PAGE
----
I had a pretty productive month this month. I had a reading streak, and it was glorious! It also involved being introduced to audio books (which I loved), and organising a little book club with one of my best friends (which you can read about here).
Let’s get to it!
Adorkable – Sarra Manning. Medium. ★★★☆☆
A book by a female author.
I actually found this one a bit hard to get through. Now don’t get me wrong, I did like the story, there were just certain things which seemed to impede my reading. The main character, Jeane Smith, could be incredibly annoying at times, and then really redeeming, and then really annoying again. It was confusing.
There were also things, such as Jeane’s success as a blogger and teen enterpreneaur, which I found to be slightly unrealistic. But to be honest, there are so many possibilities in this world, maybe it’s not too unrealistic. Anyway, I liked the book, but I didn’t love it. Not sure what else to say…
“Dorkdom isn’t something you can choose. It’s something you are. But instead of dividing the world up into dorkside and darkside, I’ve realised that we all have a little bit of dork inside us.”
The Little White Horse – Elizabeth Goudge. Easy. ★★★★☆
A book with a colour in the title.
I bought this one because of the movie which is based on it, ‘The Secret of Moonacre‘. While the two ended up being drastically different, I still like them both (just as separate entities). The book was written in 1946, so it makes sense the story was changed a bit as to best appeal to modern audiences.
Regardless of this, Goudge spins a beautiful tale about Moonacre and its inhabitants. It’s full of rich descriptions of a world I would very much like to visit, and interesting and well fleshed out characters. There are times when I wished it would proceed at a slightly faster pace, but, in my experience, that’s quite characteristic of books written more than fifty years ago. We’ve grown a lot more impatient, I suppose.
“Nothing is ever finished and done with in this world. You may think a seed was finished and done with when it falls like a dead thing into the earth; but when it puts forth leaves and flowers next spring you see your mistake.”
Hidden Enemy – Pittacus Lore. Easy. ★★★★☆
A book from an author that I love but hadn’t read yet.
I FINISHED IT!
If you’ve been following my progress in this reading challenge, then you might know that I’ve been reading this one for the last three months. Considering it’s a pretty easy book to read and a really good one at that, I’m a little ashamed it took me so long.
I really enjoyed learning more about Five and how he came to be the way he is. It was an enlightening story, particularly due to the insight we get into the inner workings of the Mogadorian world. Mark’s story was interesting, but I thought it felt like it was just thrown in there. It felt a tiny bit forced, filling in the gaps which we could easily just fill in with a bit of imagination.
“Now the future is this stupid, dark thing I can’t predict, and I feel like my whole life has been heading towards something that doesn’t even matter. Might not even exist if we end up conquered by a bunch of superpowered aliens. I mean my all-conference trophy was used to murder an alien. – Mark James”
The Ruins of Gorlan – John Flanagan. Easy. ★★★★★
An audio book.
This one has caused me to add ‘audio book’ to my reading challenge list, just so I can cross it off! I’ve read the actual book a number of times, and it’s definitely amongst my favourites. I’d been wanting to re-read it for a while, so when I started my 30 day free trial of Audible (Amazon’s audio book company) I thought it was a great opportunity to do so. (Image links to audio book, but you can get a paperback copy here).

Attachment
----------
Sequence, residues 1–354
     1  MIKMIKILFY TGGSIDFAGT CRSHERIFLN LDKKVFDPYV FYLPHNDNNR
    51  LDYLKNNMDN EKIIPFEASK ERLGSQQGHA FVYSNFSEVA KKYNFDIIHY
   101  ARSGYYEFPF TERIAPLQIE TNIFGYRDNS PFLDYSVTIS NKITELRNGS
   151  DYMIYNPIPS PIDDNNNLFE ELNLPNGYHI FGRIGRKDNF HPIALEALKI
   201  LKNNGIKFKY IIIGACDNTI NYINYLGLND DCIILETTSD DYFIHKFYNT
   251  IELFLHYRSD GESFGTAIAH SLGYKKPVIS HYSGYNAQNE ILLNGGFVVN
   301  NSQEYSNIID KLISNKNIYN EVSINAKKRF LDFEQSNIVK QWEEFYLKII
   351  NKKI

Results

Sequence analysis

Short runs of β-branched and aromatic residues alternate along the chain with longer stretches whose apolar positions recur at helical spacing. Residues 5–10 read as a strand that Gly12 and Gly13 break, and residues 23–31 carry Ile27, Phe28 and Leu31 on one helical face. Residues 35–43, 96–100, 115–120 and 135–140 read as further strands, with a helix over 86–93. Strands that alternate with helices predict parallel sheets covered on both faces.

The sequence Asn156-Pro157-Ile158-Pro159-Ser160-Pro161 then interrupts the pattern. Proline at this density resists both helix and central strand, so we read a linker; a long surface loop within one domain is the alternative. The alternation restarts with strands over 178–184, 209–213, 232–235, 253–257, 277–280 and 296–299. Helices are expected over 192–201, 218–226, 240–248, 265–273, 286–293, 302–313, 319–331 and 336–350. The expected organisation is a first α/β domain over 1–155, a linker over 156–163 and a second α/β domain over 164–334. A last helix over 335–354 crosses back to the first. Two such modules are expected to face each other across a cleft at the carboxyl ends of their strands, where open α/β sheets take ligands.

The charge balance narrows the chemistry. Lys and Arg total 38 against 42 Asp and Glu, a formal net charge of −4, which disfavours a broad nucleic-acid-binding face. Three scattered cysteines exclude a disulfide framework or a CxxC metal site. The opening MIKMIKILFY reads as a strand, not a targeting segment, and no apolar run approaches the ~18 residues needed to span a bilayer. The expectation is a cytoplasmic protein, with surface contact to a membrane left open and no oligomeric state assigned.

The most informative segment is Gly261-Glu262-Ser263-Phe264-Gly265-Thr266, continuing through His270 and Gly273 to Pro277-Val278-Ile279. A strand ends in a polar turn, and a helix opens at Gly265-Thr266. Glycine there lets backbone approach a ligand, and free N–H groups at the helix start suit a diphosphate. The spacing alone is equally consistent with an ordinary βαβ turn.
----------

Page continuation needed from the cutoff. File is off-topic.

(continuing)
I really enjoyed listening to William Zappa read the story, and managed to get quite a bit of knitting done as the story progressed. Zappa really added to the moods of the writing; particularly the manner of Halt.
“’Take one more step and I’ll put an arrow through you.’ Will tried to model his voice on the quiet, threatening tone Halt had used. He had retrieved several of his arrows from the nearest target and now he had one of them ready, laid on the bowstring. Halt glanced around approvingly. ‘Good idea,’ he said. ‘Aim for the left calf. It’s a very painful wound.’”
Geek Charming – Robin Palmer. Easy. ★★★☆☆
A book that was made into a movie.
I love a good fairytale re-imagining, and I saw the (Disney channel) movie that is based on it ages ago. So when I saw the book I wanted to read it and see how similar the two were. In the end they were completely different: it was only the character names and the general idea that stayed. I enjoyed the book a lot more than the movie, as it was a more original than the rather stereotypical and predictable movie.
I loved how it swapped between Dylan and Josh’s points of view, and how we got to see the gradual change in their behaviours and beliefs as their friendship grew. I also loved how they didn’t end up together (like in the movie), rather they became best friends who help each other find love.
“If I’ve learned anything in my seventeen years, it’s that life isn’t easy all the time. Parents get divorced, guinea pigs explode under your watch, and you can’t get up the guts to talk to a girl you have a crush on.”
NOTHING! I finished ‘Geek Charming’ on the cusp of the two months, and it was the last in my ‘currently reading’ pile on my desk. I’m starting next month with a fresh slate, and (strangely) it feels liberating.
So next month I’ll have read the first book for my book club, and hopefully finished another audio book. I’ve actually got quite a sizeable stack of books I want to read by the end of the month; figures. I’m also going to try an April book instagram challenge, so I’ll let you know how that goes!